Bloody Bubbly Lambrusco For Halloween

Happy Halloween! We begin tonight with bloody bubbles from Italy. Umberto Cavicchioli e Figli’s Vigna del Cristo Lambrusco di Sorbara 2015 is dry, crisp, and light with strawberry pith, red grapefruit, and a fine chalk finish.

IMG_5230Ok! Maybe it is a little more cadillac pink than blood red, but it works!

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Monster Halloween Wine: ZD Abacus Cabernet Sauvignon Napa Valley XVIII

This Halloween, if you really want to blow minds and scare money out of your wallet or purse, consider a wine unlike any other. It is made by  ZD winery, which has grown for three generations under the deLeuze family. They make great Napa Pinot Noir and Chardonnay, but their organic Cabernet Sauvignon vineyard in Rutherford is top notch.

How about we ease into things:

$75 will buy you ZD’s 2013 Cab: a fresh-faced, bright red cherry driven wine with light vanilla, mint, and coconut (thanks to old school American oak). It feels medium bodied, soft yet brassy, ringing like a small bell with acidity, and mild tannins perfect for grilled chicken with a balsamic glaze, charcuterie. It is very good (4 of 5) with years to go.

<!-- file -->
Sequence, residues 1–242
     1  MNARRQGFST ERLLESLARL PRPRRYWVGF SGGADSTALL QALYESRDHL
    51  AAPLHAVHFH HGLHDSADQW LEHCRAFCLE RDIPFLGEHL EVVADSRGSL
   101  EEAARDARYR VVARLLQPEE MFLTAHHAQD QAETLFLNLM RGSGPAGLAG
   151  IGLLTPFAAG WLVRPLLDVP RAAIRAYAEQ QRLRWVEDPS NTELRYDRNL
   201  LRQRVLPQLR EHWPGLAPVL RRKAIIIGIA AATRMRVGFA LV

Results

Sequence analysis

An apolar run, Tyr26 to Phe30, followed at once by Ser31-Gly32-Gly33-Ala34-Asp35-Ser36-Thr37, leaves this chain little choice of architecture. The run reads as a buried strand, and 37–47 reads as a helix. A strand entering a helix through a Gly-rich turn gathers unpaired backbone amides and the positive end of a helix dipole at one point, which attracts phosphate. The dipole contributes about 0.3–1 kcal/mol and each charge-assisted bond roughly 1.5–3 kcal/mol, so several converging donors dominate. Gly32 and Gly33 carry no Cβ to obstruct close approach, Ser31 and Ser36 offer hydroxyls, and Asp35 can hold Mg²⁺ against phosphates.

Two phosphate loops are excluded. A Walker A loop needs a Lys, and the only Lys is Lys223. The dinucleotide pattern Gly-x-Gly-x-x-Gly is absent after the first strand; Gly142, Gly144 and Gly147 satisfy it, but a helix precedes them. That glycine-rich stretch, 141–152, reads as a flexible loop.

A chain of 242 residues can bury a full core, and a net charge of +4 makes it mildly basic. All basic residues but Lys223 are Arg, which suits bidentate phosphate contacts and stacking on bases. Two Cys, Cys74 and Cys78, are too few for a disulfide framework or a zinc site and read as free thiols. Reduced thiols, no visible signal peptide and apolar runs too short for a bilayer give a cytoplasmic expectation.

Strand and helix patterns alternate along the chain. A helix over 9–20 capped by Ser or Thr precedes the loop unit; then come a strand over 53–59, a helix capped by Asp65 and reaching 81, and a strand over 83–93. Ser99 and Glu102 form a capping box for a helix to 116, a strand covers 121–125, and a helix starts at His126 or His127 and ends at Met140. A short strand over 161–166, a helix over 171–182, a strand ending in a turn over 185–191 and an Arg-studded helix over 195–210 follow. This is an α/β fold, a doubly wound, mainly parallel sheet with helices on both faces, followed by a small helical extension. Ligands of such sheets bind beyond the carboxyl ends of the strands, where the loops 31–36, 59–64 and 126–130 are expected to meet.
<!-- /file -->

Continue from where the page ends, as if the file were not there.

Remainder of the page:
If you feel a bit more serious, $210 will buy ZD’s 2013 Reserve Cabernet Sauvignon. It rings with concentrated red cherry liquor, fresh blackberry, vanilla extract, and cocoa powder. The palate feels drier, wooded, grippy, toasty, serious, yet smooth enough. It loves triple creme brie, lean meats, even dark chocolate. It is outstanding (5 of 5) and could peak in five more years.

But enough dancing around the tombstone. If you really want a shocking Cabernet, unleash ZD’s Abacus XVIII Napa Valley Cabernet Sauvignon from its black alligator-skinned, red velvet-lined coffin:

Abacus Box


This one bottle holds twenty four vintages of ZD Reserve Cabernet. Yes, in 1992 ZD decided it would be fun to start a solera program, holding barrels of Cab, bottling some 15%, then topping them off with the next vintage. Like Count Dracula, that old Cabernet will live forever on the blood of the young.

Today’s XVII’s retains a small portion that original Cabernet grown when Clinton became president, films like Wayne’s World, Aladdin, and Batman Returns graced the cinema, and Euro Disney was built. Good times.

So does Abacus time travel or taste like the undead?

Abacus Wine

The APPEARANCE looks a clear, medium intense garnet with a seamless bricked edge and doughy legs.

Intense AROMAS swarm the entire glass bowl and carry skyward.  Violets, fresh and dried glow, like the fanciest potpourri imaginable. Ripe blueberry and black cherry liquor get layered into mocha, dried black vanilla bean, and soft caramel.

The dry PALATE, pings about with brambly acidity, rich, whole-grained tannins, a nearly full body. But be wary of sediment.

Intense FLAVORS kick about the palate with twangy orange peel, tart red and yet ripe supple black cherry, lightly toasted cedar, and dried tobacco that last endlessly.